The next Labour Government’s approach to international development would underline the importance of tackling global poverty, reclaiming the UK’s past leadership in international development and within the multilateral system and bringing Britain back to the world stage as a trusted partner. For Labour, the power of co-operation is unmistakeable: we can choose to turn to each other when confronted with global crisis, rather than inwards. We can choose to renew and update the world’s approach to international development, learning from each other.

We can, and must, address the world’s biggest challenges together. The International Development Association has played a big part in helping us achieve that goal over many years, and has been a very effective vehicle for doing so. The Labour party will not oppose today’s orders, but I reiterate my concern about the decision of this Government to retreat from the multilateral system, doing such damage to Britain’s reputation and influence on the world stage.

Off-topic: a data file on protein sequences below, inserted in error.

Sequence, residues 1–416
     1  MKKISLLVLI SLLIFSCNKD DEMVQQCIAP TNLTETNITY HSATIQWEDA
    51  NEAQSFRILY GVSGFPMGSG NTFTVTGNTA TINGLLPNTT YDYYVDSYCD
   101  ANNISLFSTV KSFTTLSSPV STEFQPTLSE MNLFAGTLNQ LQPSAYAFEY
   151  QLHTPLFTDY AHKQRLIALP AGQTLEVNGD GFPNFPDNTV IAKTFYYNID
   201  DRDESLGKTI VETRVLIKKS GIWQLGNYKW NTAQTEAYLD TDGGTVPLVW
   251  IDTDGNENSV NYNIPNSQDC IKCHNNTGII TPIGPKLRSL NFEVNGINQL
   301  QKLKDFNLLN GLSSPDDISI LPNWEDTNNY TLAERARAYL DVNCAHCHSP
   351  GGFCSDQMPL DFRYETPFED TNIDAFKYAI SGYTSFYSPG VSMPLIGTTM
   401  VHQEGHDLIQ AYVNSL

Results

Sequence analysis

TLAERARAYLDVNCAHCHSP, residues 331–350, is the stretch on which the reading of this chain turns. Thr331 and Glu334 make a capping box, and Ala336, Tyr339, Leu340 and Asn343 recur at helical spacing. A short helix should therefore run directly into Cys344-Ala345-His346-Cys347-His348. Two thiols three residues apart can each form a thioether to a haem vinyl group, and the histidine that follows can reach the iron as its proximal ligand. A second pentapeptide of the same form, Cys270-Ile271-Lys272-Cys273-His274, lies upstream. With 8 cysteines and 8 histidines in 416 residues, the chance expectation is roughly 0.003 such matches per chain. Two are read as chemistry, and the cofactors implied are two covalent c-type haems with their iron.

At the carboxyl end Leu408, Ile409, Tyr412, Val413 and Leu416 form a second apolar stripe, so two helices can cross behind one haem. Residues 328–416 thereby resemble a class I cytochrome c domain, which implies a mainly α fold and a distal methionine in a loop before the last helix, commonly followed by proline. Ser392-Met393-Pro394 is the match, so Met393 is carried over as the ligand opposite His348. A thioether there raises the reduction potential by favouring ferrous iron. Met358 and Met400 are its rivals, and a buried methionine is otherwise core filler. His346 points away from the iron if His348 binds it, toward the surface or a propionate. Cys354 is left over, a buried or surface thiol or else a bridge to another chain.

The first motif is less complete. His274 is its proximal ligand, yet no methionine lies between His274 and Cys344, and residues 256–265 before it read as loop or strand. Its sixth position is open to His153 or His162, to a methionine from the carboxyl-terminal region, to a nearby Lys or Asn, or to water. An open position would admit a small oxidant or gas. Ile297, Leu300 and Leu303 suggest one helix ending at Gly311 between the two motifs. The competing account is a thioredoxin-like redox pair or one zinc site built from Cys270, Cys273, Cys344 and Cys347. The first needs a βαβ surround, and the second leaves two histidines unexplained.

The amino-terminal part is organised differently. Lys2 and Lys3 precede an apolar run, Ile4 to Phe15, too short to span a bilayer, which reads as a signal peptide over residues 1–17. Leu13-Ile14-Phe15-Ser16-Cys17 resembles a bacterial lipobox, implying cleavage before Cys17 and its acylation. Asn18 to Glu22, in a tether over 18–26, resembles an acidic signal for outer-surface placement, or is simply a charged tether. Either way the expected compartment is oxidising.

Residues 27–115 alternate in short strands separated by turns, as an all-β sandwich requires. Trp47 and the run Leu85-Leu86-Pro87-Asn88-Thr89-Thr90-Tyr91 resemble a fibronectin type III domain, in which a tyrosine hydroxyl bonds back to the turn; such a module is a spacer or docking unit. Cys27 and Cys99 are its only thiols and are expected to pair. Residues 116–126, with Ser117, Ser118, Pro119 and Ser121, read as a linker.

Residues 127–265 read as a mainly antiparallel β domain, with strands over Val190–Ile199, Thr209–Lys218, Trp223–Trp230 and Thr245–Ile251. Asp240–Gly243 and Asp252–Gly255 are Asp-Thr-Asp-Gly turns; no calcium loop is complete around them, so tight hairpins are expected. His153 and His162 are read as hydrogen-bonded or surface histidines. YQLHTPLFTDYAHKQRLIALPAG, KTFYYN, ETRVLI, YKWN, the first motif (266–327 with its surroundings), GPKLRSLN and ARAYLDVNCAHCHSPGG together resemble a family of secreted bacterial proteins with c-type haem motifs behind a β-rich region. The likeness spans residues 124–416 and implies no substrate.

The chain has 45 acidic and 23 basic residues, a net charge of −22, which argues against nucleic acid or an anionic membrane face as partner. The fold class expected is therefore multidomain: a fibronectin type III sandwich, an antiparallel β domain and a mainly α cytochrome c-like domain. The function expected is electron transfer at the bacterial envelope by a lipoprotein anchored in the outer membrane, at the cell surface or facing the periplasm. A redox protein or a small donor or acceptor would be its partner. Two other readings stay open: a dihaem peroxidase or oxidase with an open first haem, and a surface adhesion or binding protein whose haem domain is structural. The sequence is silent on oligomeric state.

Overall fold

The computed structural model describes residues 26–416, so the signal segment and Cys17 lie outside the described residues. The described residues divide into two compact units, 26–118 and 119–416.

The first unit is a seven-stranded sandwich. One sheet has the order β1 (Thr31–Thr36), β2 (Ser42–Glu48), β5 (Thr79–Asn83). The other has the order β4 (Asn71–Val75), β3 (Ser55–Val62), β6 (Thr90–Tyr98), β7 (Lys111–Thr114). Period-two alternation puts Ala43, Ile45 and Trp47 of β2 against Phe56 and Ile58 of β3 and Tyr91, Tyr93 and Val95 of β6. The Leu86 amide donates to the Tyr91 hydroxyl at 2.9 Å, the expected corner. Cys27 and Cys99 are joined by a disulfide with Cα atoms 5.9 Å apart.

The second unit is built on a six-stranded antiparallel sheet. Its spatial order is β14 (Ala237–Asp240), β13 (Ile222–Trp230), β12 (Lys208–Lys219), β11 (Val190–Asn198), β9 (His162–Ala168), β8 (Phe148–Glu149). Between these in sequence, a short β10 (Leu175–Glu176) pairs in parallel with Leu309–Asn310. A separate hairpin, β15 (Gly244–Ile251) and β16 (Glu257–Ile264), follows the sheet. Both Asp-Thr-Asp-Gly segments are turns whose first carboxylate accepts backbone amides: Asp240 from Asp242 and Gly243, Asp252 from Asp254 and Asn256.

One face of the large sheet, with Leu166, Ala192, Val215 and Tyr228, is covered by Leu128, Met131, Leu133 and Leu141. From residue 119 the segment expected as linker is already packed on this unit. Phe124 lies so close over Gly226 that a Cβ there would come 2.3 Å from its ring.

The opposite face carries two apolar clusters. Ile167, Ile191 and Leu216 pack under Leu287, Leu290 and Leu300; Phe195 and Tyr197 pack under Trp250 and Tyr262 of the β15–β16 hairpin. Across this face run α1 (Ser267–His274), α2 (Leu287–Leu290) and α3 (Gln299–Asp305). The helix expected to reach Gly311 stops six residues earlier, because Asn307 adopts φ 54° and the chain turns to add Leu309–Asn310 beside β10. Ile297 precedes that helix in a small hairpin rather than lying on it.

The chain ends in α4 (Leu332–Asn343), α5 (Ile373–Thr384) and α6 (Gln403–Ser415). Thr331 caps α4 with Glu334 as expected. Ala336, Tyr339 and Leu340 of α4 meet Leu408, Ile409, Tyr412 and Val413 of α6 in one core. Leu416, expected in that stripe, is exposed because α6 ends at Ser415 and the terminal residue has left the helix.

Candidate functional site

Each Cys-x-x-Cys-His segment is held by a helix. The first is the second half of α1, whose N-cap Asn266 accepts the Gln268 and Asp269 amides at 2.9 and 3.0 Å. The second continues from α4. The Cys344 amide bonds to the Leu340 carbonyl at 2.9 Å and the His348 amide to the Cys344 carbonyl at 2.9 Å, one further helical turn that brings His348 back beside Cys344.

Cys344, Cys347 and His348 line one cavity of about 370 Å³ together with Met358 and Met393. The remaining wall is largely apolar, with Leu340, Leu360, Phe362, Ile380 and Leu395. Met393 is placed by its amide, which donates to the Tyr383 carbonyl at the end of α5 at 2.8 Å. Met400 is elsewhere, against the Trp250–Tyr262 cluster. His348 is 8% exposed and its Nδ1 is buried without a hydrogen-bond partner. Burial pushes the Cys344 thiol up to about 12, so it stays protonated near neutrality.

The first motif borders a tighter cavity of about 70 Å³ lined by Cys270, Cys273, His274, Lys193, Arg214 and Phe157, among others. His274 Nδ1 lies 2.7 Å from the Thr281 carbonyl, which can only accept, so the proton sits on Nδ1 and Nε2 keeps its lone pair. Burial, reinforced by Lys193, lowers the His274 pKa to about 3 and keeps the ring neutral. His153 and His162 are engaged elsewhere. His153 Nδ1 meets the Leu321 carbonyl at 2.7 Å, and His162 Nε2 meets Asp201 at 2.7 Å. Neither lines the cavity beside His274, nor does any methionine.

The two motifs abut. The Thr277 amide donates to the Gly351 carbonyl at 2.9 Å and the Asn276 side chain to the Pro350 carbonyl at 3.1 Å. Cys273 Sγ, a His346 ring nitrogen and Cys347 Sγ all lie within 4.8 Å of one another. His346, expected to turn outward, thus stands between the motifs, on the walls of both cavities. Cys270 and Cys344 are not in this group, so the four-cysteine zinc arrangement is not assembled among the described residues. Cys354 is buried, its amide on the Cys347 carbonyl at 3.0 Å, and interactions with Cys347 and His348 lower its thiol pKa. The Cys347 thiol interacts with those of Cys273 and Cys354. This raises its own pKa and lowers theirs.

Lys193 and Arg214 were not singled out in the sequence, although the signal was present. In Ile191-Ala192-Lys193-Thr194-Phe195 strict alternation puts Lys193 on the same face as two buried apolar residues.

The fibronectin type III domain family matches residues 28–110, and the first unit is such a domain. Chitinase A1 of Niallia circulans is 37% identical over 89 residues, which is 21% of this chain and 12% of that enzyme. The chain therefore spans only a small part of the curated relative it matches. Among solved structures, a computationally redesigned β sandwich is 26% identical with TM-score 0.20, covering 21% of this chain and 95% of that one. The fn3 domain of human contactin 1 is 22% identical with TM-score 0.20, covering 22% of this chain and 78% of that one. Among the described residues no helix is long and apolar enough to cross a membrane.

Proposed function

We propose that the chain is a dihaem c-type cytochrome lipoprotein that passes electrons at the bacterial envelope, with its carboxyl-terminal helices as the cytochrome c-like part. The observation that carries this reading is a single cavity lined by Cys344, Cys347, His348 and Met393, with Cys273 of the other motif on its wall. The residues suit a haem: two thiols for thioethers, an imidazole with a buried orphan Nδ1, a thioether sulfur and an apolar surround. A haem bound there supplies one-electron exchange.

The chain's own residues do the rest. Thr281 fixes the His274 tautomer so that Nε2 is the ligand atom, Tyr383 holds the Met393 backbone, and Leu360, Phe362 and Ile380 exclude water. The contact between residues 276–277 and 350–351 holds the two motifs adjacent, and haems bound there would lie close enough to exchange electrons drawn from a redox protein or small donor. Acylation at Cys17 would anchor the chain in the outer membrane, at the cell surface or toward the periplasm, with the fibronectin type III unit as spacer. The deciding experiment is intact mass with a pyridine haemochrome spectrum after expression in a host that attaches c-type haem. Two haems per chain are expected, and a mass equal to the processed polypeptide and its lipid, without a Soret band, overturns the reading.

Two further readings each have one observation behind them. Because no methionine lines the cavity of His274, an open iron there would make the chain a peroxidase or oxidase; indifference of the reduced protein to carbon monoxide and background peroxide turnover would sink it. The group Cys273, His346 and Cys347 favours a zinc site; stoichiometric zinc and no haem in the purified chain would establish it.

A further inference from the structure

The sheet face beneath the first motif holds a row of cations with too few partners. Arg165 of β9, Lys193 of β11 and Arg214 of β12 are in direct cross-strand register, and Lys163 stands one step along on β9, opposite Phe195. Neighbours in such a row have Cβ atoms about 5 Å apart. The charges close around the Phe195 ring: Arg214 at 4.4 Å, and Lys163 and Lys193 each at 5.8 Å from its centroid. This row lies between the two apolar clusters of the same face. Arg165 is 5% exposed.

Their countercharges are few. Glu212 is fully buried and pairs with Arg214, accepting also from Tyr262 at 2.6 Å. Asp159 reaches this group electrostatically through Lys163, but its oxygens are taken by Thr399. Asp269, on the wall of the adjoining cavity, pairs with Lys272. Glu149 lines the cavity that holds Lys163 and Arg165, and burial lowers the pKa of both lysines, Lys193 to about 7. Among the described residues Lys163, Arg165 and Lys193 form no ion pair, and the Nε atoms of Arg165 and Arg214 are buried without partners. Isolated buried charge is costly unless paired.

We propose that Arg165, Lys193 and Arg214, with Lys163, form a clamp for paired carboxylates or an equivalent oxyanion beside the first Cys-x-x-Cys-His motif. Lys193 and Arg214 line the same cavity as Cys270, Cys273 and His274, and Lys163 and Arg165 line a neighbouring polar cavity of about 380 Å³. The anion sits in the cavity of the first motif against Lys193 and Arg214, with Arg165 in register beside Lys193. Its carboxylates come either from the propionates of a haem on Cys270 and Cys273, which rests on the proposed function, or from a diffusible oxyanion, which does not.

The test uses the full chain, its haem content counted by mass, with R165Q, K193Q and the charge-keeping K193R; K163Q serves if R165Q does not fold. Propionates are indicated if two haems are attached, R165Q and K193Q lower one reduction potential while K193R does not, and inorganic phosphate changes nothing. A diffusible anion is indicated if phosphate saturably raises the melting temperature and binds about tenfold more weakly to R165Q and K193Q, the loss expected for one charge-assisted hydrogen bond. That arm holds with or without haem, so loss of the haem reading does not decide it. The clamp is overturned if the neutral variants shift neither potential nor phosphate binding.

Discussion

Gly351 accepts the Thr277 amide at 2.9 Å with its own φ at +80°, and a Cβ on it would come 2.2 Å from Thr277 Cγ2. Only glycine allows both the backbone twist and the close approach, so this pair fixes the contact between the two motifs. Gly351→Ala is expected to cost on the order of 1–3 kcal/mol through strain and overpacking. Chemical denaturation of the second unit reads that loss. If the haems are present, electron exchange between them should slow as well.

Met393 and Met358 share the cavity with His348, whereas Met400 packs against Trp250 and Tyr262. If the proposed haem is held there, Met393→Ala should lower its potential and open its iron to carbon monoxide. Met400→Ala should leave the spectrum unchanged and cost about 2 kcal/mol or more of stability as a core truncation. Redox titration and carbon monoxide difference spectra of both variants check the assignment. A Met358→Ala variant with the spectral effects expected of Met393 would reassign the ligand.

I rise to congratulate my right hon. Friend the Member for Sutton Coldfield on taking on the incredibly vital job of Minister for Development. It was 17 years ago that he first gave me the opportunity to be part of a community in Africa: it was a pre-school in an orphanage, and we were able to roll up our sleeves and see at first hand what a difference our international aid and international help can make, not only helping the local community to build but helping our own safety and security at home. It is heart-wrenching to leave a job that I loved so much, but it is absolutely wonderful that it is being taken on by such a brilliant champion for development. I know that we will all have his back.